thangngo
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Re: How do you stop moving the goal posts.

Post by thangngo » Tue May 22, 2018 10:20 am

TheTimeLord wrote:
Tue May 22, 2018 8:35 am
Most of my life I have achieved things by setting goals, achieving them (hopefully) then moving the goal posts and essentially starting the process over. I have used this method to keep myself engaged at work, athletically and in my financially life. Now as I approach retirement I am wondering how I will react to no longer doing this financially since if all goes to plan watching our balances shrink not increase over the years. Anybody have any tips or insights. The last thing I want to do is spend the rest of my life worshiping my account balances but goal setting is quite the engrained behavior at this point so I worry about this positive becoming a negative moving forward into retirement.
Setting goals and achieve them is what I know how to function my whole life. I can't imagine changing that mindset. I'm still young so I don't know what's it like to wind down and enjoy the savings at retirement.

Maybe setting goals to minimize the tax at drawdown and maximize the utility for each dollar you spend? Maybe maintain your portfolio balance while living your best days? It will be a challenge in its own way.

"Either keep busy living or keep busy dying."

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David Jay
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Re: How do you stop moving the goal posts.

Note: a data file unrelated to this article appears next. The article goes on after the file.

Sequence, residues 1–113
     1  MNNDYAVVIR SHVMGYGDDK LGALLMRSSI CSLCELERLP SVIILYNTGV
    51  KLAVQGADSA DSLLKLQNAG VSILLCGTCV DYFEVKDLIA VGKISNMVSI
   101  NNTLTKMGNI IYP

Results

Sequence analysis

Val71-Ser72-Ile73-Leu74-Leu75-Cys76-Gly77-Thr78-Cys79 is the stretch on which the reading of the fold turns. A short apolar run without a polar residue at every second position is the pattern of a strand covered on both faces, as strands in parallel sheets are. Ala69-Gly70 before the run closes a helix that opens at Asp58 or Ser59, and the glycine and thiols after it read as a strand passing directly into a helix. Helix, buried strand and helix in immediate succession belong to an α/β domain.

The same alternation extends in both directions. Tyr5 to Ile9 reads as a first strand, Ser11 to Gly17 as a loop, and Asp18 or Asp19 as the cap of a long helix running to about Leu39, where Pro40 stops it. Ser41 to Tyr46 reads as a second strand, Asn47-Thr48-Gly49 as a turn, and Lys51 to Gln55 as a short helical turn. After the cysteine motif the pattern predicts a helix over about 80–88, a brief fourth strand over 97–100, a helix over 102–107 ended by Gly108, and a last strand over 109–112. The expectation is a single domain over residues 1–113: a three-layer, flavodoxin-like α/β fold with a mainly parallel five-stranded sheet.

Post by David Jay » Tue May 22, 2018 10:35 am

I am right on the cusp of retirement (Class of 2019), so I can identify with your question.

I have spent a lot of time working through my retirement finances. I put together a year-by-year spreadsheet with spending, income source and tax consequences. Still doing some "what-if" scenarios around start date for SS benefits (not much difference in outcome between 68 and 70) and Roth conversions.

I think everyone needs to "retire to" something. I am looking for my challenge. Thinking about learning Spanish. I will be following this thread for commentary.
Prediction is very difficult, especially about the future - Niels Bohr | To get the "risk premium", you really do have to take the risk - nisiprius

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David Jay
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Re: How do you stop moving the goal posts.

Post by David Jay » Tue May 22, 2018 10:36 am

Oh, and a single-hander sailboat :happy
Prediction is very difficult, especially about the future - Niels Bohr | To get the "risk premium", you really do have to take the risk - nisiprius

staythecourse
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Re: How do you stop moving the goal posts.

Post by staythecourse » Tue May 22, 2018 10:37 am

I'm surprised you have been happy up to this point in your life if your goals are so centered around $$ signs. The reason is that rabbit hole never ends as there is always another $$ to be made or not made.

Try shifting your goals to finding something to be passionate about. I've already shifted my goals to spending time with the kids now that they are getting older and figuring ways to help society. That is probably why I am a good investor is NOT because of bogleheads, but the fact I learned no matter how high my balances were getting and now matter how many times it was passing the million mark was being passed it did NOT change my
happiness so I don't pay attention to what is happening in my accounts.

Personally, I located an orphanage in a third world country to donate each month for staples which brings me a lot of happiness. It is nice to see money I'm making helping others who are not as fortunate. So I would say you need to find what brings you happiness and focus on setting goals on how to better attain that happiness. For example, if you like to travel rent an RV and plan a trip or learn to sail. If you like music learn a new instrument. If you like sports go join an amateur league or learn a new sport.